Answering questions about complex issues often requires analysts to take into account information contained in multiple interconnected datasets. A common strategy in analyzing and visualizing large and heterogeneous data is dividing it into meaningful subsets. Interesting subsets can then be selected and the associated data and the relationships between the subsets visualized. However, neither the extraction and manipulation nor the comparison of subsets is well supported by state-of-the-art techniques.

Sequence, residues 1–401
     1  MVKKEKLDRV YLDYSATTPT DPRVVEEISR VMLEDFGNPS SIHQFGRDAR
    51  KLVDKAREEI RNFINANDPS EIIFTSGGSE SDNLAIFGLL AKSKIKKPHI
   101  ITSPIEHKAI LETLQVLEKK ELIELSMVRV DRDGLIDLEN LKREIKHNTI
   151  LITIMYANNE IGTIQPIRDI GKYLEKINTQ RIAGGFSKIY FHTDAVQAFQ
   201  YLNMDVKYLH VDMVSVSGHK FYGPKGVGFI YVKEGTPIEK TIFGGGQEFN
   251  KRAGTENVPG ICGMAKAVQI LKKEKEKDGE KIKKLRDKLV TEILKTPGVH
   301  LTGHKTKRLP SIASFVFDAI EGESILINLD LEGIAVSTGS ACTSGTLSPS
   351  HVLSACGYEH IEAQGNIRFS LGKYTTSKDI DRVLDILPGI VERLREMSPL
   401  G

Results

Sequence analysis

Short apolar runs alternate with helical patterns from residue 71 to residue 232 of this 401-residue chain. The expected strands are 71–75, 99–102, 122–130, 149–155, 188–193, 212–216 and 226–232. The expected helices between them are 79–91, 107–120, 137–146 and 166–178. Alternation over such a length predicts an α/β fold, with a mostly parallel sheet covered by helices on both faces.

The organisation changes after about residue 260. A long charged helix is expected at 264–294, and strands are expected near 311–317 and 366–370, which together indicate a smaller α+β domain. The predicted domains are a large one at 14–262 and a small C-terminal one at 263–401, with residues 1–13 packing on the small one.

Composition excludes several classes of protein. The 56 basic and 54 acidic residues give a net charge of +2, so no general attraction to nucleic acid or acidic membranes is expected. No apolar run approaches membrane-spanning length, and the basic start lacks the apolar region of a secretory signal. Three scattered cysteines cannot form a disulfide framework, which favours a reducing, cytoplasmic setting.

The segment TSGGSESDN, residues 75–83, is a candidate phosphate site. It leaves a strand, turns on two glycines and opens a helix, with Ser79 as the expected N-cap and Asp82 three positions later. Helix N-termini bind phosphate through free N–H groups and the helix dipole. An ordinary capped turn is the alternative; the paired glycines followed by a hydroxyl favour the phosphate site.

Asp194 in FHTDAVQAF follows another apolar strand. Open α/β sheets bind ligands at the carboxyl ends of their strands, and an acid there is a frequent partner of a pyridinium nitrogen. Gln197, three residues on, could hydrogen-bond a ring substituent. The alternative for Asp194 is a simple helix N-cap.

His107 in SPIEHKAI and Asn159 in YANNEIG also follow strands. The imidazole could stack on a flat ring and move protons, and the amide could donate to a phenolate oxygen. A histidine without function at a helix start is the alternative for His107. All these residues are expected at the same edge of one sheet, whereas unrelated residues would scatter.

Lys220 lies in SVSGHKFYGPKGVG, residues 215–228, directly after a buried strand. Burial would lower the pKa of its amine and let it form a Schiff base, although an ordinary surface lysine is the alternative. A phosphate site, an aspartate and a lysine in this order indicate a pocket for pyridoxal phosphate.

In this paper we present Domino, a novel multiform visualization technique for effectively representing subsets and the relationships between them. By providing comprehensive tools to arrange, combine, and extract subsets, Domino allows users to create both common visualization techniques and advanced visualizations tailored to specific use cases. In addition to the novel technique, we present an implementation that enables analysts to manage the wide range of options that our approach offers. Innovative interactive features such as placeholders and live previews support rapid creation of complex analysis setups. We introduce the technique and the implementation using a simple example and demonstrate scalability and effectiveness in a use case from the field of cancer genomics.